5 things to know about the IMO’s new rules
The maritime world is abuzz with news and opinion about the International Maritime Organization’s 2020 sulphur cap, but far less attention is being paid to its new rules on electronic data exchange that came into force this April.
On 8 April this year, the International Maritime Organization (IMO) made it compulsory for national governments to introduce electronic information exchange between ships and ports.
The aim of the new rules, says the UN global shipping regulator, is “to make cross-border trade simpler and the logistics chain more efficient, for the more than 10 billion tons of goods which are traded by sea annually across the globe.”
This is a major piece of legislation impacting thousands of ports across the globe. So far, however, it seems to have received relatively little public attention and scrutiny compared with other recent IMO initiatives. That includes the 2016 introduction of mandatory verification of loaded container weights, the impending IMO2020 cap on sulphur oxide content in shipping fuels and the longer-term pledge to cut greenhouse gas (GHG) emissions from shipping by at least 50% by 2050.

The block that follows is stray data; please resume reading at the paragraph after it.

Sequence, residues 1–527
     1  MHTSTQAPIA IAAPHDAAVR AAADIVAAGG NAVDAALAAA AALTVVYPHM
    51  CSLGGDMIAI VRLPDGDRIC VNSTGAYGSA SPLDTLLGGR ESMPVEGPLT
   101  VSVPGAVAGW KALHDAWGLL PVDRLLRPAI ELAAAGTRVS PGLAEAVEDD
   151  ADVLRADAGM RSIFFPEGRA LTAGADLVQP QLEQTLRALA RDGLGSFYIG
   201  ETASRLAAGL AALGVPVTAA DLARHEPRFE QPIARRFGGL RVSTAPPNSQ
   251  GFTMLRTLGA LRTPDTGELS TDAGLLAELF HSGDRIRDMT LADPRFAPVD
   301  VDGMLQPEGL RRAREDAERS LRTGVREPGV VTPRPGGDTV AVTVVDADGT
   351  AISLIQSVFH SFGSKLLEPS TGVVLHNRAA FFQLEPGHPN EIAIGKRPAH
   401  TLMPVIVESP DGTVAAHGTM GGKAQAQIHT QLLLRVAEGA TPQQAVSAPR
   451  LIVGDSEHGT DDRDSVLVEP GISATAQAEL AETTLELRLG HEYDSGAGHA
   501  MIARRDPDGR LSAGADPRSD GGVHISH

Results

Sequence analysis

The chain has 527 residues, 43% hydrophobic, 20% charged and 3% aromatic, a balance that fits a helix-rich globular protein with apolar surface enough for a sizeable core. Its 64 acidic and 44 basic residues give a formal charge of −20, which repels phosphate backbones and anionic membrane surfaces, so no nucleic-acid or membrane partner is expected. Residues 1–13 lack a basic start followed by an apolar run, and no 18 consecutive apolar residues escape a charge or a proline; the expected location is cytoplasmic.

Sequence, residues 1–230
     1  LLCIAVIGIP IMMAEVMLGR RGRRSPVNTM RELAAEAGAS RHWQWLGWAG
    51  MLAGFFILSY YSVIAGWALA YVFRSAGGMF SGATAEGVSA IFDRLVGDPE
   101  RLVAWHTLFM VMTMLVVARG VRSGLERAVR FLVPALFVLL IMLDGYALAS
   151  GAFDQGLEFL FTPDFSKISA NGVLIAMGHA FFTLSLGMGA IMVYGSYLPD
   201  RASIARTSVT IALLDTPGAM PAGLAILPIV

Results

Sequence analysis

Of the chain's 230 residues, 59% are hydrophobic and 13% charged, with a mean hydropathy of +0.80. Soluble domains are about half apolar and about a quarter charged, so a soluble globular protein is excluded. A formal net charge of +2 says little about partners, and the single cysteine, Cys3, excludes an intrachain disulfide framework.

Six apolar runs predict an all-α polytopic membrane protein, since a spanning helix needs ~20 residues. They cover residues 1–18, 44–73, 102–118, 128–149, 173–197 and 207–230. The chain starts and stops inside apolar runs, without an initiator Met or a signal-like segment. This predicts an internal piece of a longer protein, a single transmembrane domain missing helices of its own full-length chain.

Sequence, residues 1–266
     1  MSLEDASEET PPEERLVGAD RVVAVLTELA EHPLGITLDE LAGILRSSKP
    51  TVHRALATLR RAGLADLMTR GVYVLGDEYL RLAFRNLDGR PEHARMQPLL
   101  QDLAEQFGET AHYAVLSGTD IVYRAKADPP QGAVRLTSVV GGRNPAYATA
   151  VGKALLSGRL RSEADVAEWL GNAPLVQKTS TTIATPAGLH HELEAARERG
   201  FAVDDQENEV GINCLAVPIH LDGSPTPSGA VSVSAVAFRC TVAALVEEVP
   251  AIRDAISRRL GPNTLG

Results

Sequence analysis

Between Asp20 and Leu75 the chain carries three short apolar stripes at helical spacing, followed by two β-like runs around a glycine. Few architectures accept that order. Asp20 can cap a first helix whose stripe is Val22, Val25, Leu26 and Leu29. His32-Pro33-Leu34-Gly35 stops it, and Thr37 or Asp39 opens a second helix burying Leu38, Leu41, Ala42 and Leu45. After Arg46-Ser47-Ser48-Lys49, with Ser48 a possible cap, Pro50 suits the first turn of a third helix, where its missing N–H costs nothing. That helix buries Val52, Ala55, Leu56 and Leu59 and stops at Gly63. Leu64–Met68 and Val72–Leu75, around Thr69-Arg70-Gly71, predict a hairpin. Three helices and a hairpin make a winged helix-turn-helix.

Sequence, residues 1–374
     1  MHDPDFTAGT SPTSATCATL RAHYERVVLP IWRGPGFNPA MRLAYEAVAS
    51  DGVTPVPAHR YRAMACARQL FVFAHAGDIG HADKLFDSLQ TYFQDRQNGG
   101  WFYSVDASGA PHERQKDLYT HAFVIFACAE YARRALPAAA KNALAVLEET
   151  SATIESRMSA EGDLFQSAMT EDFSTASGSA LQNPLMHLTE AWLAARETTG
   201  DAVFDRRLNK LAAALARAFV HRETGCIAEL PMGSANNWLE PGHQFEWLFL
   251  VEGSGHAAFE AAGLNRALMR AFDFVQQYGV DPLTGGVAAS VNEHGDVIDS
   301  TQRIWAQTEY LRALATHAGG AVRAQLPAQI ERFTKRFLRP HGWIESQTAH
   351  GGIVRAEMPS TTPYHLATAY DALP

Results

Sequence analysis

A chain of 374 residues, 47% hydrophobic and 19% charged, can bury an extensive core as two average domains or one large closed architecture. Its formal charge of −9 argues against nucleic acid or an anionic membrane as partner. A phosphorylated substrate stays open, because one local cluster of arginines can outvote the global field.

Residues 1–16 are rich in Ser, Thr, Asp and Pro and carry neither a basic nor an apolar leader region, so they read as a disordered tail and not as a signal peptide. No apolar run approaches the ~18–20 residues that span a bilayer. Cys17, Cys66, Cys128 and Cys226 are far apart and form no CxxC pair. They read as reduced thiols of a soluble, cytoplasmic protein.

So, what exactly do the new electronic data rules mandate and who is affected? Here’s 5 key facts and figures:
1.Why were these new rules developed and what do they cover?
The new rules were developed as part of IMO’s Convention on Facilitation of International Maritime Traffic (FAL Convention) and form part of a package of amendments under the revised Annex to the FAL Convention, which was adopted in 2016. The rules were developed by IMO’s FAL Committee, which since the 1960s has been tasked to develop standardised documentation for port authorities and national governments to use in managing the “arrival, stay and departure of ships, persons and cargo from ports”.